Australian cotton farmers are continuing to work to balance efficient cotton production against positive environmental and social impacts, the recent industry sustainability update has revealed.
The Australian Cotton industry’s 2022 Sustainability Update, released recently, reveals the complexity of sustainability in farming systems and the industry’s collaborative initiatives to accelerate positive impacts.
During the 12-month reporting time frame from 1 July 2021 to 30 June 2022, the industry advanced a major project to set native vegetation targets appropriate for each cotton growing region.
Practices consistent with regenerative agriculture continue to be commonly used by growers, and the proportion of women and of Aboriginal and Torres Strait Islander peoples working on farms and in gins increased.
Cotton Australia CEO Adam Kay said the 2022 Sustainability Update provides evidence of an industry seeking to give its stakeholders a transparent and balanced review.
“Since becoming the first Australian agricultural industry to independently assess its environmental impacts in 1991, the Australian cotton industry is proud of long positive trends in many areas but also knows it needs to keep looking at ways to improve,” Mr Kay said.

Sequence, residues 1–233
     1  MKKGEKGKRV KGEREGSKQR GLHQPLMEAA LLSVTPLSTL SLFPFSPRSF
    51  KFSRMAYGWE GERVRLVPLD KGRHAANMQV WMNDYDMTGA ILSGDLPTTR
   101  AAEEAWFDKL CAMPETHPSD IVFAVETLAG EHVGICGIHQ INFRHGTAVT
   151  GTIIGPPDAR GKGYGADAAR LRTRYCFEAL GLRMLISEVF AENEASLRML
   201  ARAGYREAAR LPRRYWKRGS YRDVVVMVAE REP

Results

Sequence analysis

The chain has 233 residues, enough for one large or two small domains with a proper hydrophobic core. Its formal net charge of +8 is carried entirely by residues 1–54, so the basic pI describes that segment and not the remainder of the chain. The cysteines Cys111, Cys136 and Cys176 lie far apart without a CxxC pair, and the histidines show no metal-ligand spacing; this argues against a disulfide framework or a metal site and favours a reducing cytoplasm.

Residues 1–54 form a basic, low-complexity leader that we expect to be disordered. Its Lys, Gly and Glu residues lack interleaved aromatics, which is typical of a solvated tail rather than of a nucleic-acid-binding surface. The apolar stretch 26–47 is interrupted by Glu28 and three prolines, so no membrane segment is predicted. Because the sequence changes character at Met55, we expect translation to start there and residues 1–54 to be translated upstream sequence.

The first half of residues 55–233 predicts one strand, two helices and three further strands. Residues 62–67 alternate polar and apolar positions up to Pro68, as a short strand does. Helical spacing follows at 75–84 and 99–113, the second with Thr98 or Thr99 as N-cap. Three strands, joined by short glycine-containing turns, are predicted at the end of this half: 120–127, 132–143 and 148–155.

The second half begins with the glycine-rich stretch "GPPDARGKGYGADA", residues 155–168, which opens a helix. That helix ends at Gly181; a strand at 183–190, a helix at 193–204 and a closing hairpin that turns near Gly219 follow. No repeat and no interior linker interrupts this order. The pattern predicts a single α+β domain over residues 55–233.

“Our latest update clearly shows what we’re doing well, but just as importantly it shows what challenges we have and what we’re doing to address areas where we can better manage risks and opportunities.
“We know our stakeholders expect transparency, and this is just one way we provide that transparency.”
Cotton Research and Development Corporation Executive Director Dr Ian Taylor said collaboration and coordination were key parts of the cotton industry’s work to deliver sustainable intensification.
“The PLANET. PEOPLE. PADDOCK. framework is the Australian cotton industry’s tool to deliver sustainable intensification by improving the resilience and productivity of farming systems while maintaining nature’s contributions to people,” Mr Taylor said.
“Collaborating with others inside and outside the industry to get the environmental, social and economic balance right is absolutely essential, and we are investing time and money to make this happen.
“Working with Natural Resource Management Regions Australia to develop regionally appropriate native vegetation targets, supporting the work of the National Soil Strategy to improve soil health, and advocating for a whole of agriculture approach to promoting human rights on Australian farms are just some of the work we are doing.”